Insulation options for my home include the sub-floor, ceiling, and the internal and external walls. As a guide, roughly 40 per cent of heat loss in the home is through the ceiling, 24pc through the walls, and 10pc through the floor. Before we take a look at each of these options, let me briefly explain the important concept of an R-value. Insulation levels are measured in R-values, which calculate the thermal resistance (resistance to heat flow) of a material, and minimum requirements under the Building Code of Australia (BCA) vary depending on climate. The higher the R-value, the higher the level of insulation. Brisbane homes must have ceiling insulation with a minimum R-value of 4.1.


Ceiling

Ceiling insulation is a common energy efficiency retrofit solution for residential homes. Research has shown how insulation is crucial to reducing the amount of heat penetrating through the roof and ceiling and entering a home. The ceiling and roof area of my home have been insulated. The ceiling insulation is loose fill rockwooland the roof section is insulated by glass wool batts with a heat reflective foil layer, to an R-value of 3.0. After a dusty crawl around inside the roof, I wasn’t able to work out when this installation was completed. Judging by the look of it (see photo below), it wasn’t done recently…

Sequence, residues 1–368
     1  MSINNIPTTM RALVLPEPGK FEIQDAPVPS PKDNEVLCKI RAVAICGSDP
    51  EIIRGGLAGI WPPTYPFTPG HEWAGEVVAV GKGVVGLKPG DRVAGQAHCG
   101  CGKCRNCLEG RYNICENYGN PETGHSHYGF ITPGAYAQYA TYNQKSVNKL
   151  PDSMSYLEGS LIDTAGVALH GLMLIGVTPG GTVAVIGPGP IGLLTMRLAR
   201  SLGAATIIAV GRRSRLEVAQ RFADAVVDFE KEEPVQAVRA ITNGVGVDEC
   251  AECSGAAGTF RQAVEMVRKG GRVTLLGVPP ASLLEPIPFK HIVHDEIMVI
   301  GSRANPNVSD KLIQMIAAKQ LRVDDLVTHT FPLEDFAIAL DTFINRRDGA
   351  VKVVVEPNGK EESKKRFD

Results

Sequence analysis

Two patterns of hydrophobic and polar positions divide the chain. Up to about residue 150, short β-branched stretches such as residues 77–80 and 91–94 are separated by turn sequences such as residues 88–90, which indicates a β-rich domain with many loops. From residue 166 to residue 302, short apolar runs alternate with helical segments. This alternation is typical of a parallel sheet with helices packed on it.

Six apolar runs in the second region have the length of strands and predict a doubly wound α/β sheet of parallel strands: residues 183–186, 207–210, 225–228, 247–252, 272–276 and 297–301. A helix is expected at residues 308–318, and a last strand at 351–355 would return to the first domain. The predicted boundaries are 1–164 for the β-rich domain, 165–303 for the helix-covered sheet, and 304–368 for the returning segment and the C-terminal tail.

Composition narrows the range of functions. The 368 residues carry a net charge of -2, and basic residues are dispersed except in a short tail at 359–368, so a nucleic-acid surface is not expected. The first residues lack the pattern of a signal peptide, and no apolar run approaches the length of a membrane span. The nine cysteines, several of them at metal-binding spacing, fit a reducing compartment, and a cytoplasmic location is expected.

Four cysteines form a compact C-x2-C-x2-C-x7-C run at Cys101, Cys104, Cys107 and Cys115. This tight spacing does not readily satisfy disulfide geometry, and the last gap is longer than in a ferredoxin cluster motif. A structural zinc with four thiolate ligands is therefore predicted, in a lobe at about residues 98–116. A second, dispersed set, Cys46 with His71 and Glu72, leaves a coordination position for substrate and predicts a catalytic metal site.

Since my roof and ceiling are insulated to an R-value of 3.0, below the minimum requirement under the BCA, I need an upgrade to meet only the minimum standard. Given the deteriorated condition of the insulation, it makes sense to replace both the roof and ceiling insulation and upgrade to an R-value of at least 4.1. Doing so gives an immediate reduction to summer heat gain and winter heat loss.


Internal and external walls